Comparing Images Of Light And Dark


Comparing Images Of Light And Dark Essay, Research Paper

Look at the Dark Side of Life:

A Comparison Between Conrad’s and Joyce’s Imagery

To children, night lights give a sense of security and leave

the imagination to rest. The comfort of light is helpful for

children who often conjure up monsters that lurk under the bed

and ominous shadows from tree branches. Dark scenes are often

depicted as the foreboding unknown and things one may not rather

learn more about. However, when Jake comes to a divine revelation

to reunite the band in the movie, “The Blues Brothers,” he

hollers, “I see the light!” Joseph Conrad in Heart of Darkness

and James Joyce in A Portrait of the Artist as a Young Man both

play off of the motif of light and darkness. Darkness reveals

startling truths, and one may choose to accept them or not.

Whether these truths are denied will decide if that character

will come into the “light.”

In Conrad’s Heart of Darkness, knowledge is received at

life’s darkest hour. White, which is usually representative of

purity, is a symbol of blindness and loss of innocence in this

novel. In the beginning, the ship, Nellie, is already in a gloomy

mood, setting up the scene for learning the dark past of Marlow.

It is ironic that Marlow says that his time with Kurtz “seemed to

throw a kind of light,” since this journey only expands his mind

and soul when drawing deeper into the darkness (10). The women

knitting the black pall are compared to the Fates, representing

the threatening knowledge of the future. They have already seen

men go time and time through “the door of Darkness,” and knows

the esoteric circumstances that lay ahead for these ignorant,

blind men (16). The most ignorant, the accountant, with

immaculate white collars and cuffs, is a complete contrast of the

“acute angles” of dying blacks. He has absolutely no

comprehension of the misery and chaos down the river, asininely

telling Marlow “the groans of this sick person…distract my

attention” (29). Black symbolizes physical death from starvation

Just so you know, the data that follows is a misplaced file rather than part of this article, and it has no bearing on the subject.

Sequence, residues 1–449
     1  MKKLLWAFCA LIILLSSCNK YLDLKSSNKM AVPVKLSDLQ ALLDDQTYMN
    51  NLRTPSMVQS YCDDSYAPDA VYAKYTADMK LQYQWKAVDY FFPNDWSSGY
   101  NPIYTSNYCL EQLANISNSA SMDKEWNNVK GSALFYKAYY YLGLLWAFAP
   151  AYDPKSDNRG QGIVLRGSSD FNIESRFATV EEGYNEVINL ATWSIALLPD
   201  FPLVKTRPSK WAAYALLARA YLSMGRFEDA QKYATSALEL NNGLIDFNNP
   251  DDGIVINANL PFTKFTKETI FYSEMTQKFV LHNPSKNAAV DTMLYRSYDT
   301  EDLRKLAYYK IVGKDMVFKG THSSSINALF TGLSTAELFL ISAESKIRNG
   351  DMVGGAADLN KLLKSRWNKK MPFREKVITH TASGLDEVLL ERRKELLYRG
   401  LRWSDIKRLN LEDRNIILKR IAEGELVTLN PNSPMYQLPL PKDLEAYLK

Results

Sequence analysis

and cruelty; white indicates spiritual and moral death through

selfishness. Ivory, a shade of white, is the cause of all men’s

good judgement to be overcome by greed. While onboard, the

“savage” cannibals exhibit self-control by not eating the white

men, but the white men itch to get out their guns. During these

times of imperialism, it is the “white man’s burden” to show the

example of being “civilized,” but Conrad comes to the dark,

unfortunate truth that the white men represent unhealthy

darkness, hopeless stupidity, senseless cruelty, zealous greed,

and ambition. Frequent references to “fierce sunlight” develop

this theme. The dark truth that Marlow must come to face is his

own wild and savage potential. Marlow must make the decision

whether to tell Kurtz’s widow, dressed in black, the truth of

“the horror” when one reaches the point of all encompassing

darkness. He chooses to keep her “blind” from reality, keeping

her safe, like a night light (118).

All images of light and dark are necessary in the

development of an artist, including Stephen Daedalus in A

Portrait of the Artist as a Young Man. His development entails

revelation, but also the vilest and most base thoughts. An artist

has experienced all the “light” and “dark” in life to take a

viewpoint that is universal. All images help Stephen to grow:

hope and art in light and fear or despair in darkness. In Chapter

One, Stephen is naive and scared, as all children are, of the